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I am using this plugin (it's pretty cool).

Needless to say, I am an RMI novice. I followed the tutorials and was able to put together a sample application.

I do not understand though why every time I stop and restart my local RMI registry the remote objects that were bound to it just vanish. Is this normal behavior? I was under the impression that the rmi registry could be used as a persistence tool - so the contents of the registry should not vanish when the registry is stopped and restarted.

I am probably missing something very obvious but, again, I am new to rmi.

Any pointers appreciated!

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I'm finding the RMI documentation/tutorial a bit confusing and won't try to explain it from my insufficient knowledge. You may benefit from reading the "official" Sun tutorials on basic RMI: <java.sun.com/j2se/1.4.2/docs/guide/rmi/getstart.doc.html>; and on activation: <java.sun.com/j2se/1.4.2/docs/guide/rmi/activation.html>; –  Carl Smotricz Dec 14 '09 at 19:02

2 Answers 2

up vote 1 down vote accepted

By default the RMI registry does not persist information about the objects registered with it. Therefore, you need to register your remote objects each time the server starts.

As a matter of curiosity, what was it that led you to believe that the registry would somehow "remember" the objects that were last registered with it?

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OK - thats what I am missing. What led me to believe that is the fact that during a training session they were showing an sample ATM application (with no db) and the logic consequence of that is that the stuff get persisted in the registry (otherwise every time you reboot the server your bank-account would go blank!). I imagine if I use remote-activation it won't make a difference? One thing I am reading (universalteacherpublications.com/java/rmi/ch13/ch13_page01.htm) is that with remote activation the remote objects in the registry survive server crashes? –  JohnIdol Dec 14 '09 at 18:37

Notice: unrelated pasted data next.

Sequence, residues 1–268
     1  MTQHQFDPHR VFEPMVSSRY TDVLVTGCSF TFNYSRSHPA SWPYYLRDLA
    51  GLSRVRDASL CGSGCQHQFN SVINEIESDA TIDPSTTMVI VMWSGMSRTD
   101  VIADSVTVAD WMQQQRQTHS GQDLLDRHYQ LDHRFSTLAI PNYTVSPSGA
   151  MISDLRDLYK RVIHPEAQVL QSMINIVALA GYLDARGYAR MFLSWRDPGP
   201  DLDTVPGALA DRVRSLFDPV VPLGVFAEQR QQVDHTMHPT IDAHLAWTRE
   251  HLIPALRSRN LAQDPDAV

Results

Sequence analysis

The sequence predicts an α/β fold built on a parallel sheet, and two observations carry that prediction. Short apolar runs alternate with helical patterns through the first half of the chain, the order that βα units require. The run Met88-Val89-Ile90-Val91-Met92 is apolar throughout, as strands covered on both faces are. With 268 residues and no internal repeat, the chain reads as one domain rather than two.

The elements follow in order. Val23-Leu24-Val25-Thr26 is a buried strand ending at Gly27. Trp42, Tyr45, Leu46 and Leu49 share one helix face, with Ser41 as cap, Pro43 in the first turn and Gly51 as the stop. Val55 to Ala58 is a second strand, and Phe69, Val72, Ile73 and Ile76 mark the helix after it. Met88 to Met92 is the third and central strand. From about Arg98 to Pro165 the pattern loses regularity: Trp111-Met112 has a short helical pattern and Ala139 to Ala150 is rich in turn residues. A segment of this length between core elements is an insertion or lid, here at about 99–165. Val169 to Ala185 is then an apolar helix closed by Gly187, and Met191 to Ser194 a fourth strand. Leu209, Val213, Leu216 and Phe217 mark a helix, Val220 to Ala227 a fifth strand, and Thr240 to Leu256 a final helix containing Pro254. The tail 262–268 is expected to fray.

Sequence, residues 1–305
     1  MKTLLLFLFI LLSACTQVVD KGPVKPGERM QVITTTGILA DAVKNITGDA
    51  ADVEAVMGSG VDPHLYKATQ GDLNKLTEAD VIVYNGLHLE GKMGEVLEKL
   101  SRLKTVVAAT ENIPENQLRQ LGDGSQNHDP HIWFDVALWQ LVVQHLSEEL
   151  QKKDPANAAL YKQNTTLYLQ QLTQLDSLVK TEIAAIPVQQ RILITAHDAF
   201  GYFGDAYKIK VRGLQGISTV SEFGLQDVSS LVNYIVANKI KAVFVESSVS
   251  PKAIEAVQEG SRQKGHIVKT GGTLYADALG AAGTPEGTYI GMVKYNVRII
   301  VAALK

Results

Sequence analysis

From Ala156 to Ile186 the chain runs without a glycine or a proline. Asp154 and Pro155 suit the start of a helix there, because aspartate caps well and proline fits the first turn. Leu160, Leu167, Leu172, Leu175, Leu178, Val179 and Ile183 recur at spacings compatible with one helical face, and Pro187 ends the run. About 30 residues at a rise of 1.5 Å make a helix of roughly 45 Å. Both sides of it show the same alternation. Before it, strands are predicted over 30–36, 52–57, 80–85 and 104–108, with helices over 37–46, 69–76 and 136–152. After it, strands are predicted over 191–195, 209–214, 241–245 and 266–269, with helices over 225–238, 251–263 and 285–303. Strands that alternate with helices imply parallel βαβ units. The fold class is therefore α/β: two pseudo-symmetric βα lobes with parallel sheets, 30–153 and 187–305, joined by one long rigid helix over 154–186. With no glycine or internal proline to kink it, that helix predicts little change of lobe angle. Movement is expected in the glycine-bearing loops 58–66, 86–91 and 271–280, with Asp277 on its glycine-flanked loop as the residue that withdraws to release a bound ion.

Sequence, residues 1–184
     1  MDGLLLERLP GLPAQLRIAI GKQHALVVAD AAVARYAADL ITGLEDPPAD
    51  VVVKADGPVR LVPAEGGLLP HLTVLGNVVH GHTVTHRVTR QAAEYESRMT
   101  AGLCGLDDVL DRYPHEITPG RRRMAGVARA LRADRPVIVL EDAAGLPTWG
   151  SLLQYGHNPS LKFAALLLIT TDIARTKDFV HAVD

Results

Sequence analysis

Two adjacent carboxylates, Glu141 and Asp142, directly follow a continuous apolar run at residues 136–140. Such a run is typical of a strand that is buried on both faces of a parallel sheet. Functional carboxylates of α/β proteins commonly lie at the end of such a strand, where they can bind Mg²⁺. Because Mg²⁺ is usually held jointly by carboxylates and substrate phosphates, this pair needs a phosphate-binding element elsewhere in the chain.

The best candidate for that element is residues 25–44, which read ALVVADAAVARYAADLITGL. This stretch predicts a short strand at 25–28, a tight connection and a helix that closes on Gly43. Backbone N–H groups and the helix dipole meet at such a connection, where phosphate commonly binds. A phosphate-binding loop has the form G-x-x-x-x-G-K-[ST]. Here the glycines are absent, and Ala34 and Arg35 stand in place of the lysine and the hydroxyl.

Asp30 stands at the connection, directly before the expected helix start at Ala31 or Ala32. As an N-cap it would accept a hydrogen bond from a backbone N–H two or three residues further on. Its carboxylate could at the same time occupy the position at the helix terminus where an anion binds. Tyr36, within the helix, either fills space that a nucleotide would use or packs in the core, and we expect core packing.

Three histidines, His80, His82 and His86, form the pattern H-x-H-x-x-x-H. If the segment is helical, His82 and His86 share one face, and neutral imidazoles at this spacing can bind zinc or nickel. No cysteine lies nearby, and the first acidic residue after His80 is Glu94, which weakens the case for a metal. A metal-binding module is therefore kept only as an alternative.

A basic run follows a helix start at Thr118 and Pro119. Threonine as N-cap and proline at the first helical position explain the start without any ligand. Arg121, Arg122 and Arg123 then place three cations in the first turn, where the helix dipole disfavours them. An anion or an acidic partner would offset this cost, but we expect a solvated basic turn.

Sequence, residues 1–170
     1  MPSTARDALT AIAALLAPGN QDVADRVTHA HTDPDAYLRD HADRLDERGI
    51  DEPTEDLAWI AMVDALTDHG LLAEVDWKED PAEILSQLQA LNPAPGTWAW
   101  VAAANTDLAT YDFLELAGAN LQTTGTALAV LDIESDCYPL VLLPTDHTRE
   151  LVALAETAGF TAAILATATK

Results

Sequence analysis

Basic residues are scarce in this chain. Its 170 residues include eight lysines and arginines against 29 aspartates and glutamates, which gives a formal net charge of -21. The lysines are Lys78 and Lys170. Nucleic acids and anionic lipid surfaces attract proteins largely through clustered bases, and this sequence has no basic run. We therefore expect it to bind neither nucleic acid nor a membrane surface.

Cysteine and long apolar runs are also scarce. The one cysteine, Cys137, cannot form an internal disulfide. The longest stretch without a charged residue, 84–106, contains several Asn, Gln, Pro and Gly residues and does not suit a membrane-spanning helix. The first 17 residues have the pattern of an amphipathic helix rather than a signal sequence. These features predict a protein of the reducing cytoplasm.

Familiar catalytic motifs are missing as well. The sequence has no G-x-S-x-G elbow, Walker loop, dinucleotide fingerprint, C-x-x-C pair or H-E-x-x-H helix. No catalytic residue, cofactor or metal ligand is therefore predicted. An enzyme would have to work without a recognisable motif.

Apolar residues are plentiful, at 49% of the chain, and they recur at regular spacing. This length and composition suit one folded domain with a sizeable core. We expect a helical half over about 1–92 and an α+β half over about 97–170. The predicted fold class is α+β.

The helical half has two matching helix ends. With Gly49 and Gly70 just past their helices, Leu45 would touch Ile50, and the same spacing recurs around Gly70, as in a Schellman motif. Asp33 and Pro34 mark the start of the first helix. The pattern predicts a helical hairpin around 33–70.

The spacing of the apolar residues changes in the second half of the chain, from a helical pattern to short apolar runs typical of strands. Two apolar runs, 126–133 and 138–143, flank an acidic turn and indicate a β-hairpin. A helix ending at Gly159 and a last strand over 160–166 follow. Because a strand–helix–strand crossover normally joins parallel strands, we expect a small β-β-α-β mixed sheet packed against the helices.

I think I can clear that up, at least: The RMI Registry provides information on how to access its registered applications, but if those applications deal with data then they're expected to provide their own persistence, usually into a database. –  Carl Smotricz Dec 15 '09 at 7:47

no need for a standalone registry. you can create a registry right in the server VM:

    Registry reg = LocateRegistry.createRegistry(1099);
    reg.bind("service", myService);
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objects bound to it wouldn't survive restart either, I seem to understand? –  JohnIdol Dec 14 '09 at 19:01
what's the good of the registry, if the server object is gone with the server VM? put them all in one VM, so that they live together and die together. –  irreputable Dec 14 '09 at 22:40

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